2018 St. Patrick’s Day Message from President Michael D. Higgins
May I send my best wishes for St. Patrick’s Day to the people of Ireland, and to all those who join us around the world in celebrating the feast day of our patron saint, to those who have supported Irish people, Irish traditions and to those who come to visit us.
St. Patrick’s Day is a time when we come together to celebrate not only our rich Irish heritage but also the expression of our contemporary and diverse culture as it is expressed in all its different ways.
Our heritage and culture connect us to our wider global family, reminding us of the common history and identity we share despite the borders, oceans and miles that may separate us.
St. Patrick, we must never forget, was a man whose life embodied the values of solidarity, friendship and concern for his fellow citizen. His own story of migration reflects a theme that remains an important part of our national experience.
Across the generations there have been many forms of Irish migration, involuntary and voluntary, some impelled by desperation, some by hope for a better future, and some by a curiosity and a desire to explore new horizons.
These experiences have gifted us with a large diaspora, one that enables us to have an enduring connection with our contemporary Irish family abroad, and with those of Irish heritage throughout the world.
Our Irish abroad have accomplished so much in so many diverse fields of endeavour in their countries of adoption while remaining proud of their Irish heritage, and we are particularly proud of all those engaged in humanitarian and peace-building tasks. For many, this bond with the land of their birth, or that of their forebears, remains one characterised by both its strength and intensity.
We are greatly conscious, however, that life for many of our migrants in famine and post-famine times was not easy. Letters were expensive to post and travelled slowly across the many miles that separated family members.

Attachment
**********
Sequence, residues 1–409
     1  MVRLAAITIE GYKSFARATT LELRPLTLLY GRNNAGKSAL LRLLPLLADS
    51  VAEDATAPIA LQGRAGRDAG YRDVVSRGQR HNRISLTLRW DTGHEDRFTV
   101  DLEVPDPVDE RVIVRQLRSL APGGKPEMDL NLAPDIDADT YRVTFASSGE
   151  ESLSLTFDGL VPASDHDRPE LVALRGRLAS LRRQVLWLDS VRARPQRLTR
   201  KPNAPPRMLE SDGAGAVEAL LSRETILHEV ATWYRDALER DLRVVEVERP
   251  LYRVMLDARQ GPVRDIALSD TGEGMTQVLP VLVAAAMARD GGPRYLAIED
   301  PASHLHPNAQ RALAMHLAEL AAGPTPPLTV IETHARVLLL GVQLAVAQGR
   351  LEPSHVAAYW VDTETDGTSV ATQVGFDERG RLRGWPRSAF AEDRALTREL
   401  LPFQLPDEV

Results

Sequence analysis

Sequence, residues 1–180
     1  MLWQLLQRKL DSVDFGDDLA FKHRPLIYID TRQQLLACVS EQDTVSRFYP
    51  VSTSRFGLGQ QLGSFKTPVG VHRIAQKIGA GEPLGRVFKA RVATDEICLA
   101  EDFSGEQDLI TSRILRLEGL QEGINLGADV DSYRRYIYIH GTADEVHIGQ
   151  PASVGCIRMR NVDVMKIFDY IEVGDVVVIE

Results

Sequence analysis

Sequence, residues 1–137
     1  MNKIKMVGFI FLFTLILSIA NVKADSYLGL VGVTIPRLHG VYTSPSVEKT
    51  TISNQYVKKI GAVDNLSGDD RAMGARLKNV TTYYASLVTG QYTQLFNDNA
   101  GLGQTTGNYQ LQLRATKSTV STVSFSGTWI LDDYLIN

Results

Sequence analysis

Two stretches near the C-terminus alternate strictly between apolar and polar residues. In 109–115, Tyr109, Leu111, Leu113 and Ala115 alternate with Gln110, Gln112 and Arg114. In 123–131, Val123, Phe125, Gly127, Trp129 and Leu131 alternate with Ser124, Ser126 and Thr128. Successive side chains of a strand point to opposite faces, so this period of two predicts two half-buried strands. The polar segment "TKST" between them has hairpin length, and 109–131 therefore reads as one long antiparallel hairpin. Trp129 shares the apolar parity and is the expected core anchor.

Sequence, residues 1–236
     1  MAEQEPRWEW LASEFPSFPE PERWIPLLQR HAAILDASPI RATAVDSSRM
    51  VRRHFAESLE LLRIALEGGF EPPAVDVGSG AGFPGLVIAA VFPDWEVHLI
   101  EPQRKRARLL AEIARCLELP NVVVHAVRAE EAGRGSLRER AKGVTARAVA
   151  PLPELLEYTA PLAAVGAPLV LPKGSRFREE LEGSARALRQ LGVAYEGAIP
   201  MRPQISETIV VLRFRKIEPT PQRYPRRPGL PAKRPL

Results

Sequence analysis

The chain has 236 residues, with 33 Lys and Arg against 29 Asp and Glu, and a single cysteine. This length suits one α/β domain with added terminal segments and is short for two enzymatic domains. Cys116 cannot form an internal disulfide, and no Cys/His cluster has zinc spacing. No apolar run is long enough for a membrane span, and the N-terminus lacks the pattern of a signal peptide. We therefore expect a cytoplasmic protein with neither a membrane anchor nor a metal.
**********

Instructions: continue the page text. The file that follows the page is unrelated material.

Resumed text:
Those at home were, at times, reluctant to communicate the bad news of deaths and illness, while those who had left desired to shield families from the loneliness and despair that often defined their emigration experience.
We must now forge new links with their descendants. We must ensure too that we fortify and strengthen the bonds with our contemporary migrants.
On this St. Patrick’s Day, as we reach out to our Irish family across the globe, let us look back across the years and remember the many letters that were never written, or never sent, the many vital connections broken and never repaired, the severing of family ties that may still echo down the generations.
As we do so, let us honour the memory of those long-lost members of our global family by resolving to ensure that today our relationship with all the strands of our Diaspora will be a deep and profound one.
Yes, we are fortunate to live in a world where modern technology has greatly bridged geographical distance, allowing a sense of inclusivity and the coming together of Irish people wherever they may be in the world in a spirit of support and solidarity. Let us use it, but let us not forget the value of the letter or the visit.
On behalf of the people of Ireland, I extend a hand of friendship across the globe to all those who are Irish by birth, descent or association. Those who have welcomed and assisted the Irish, those interested in matters Irish.
I know that, together, we can build on the best of Irishness, to create a better future for ourselves, our children and all those who live on our beautiful shared, vulnerable, planet.
I wish you, and all those who form part of the Irish family, a happy and peaceful St. Patrick’s Day.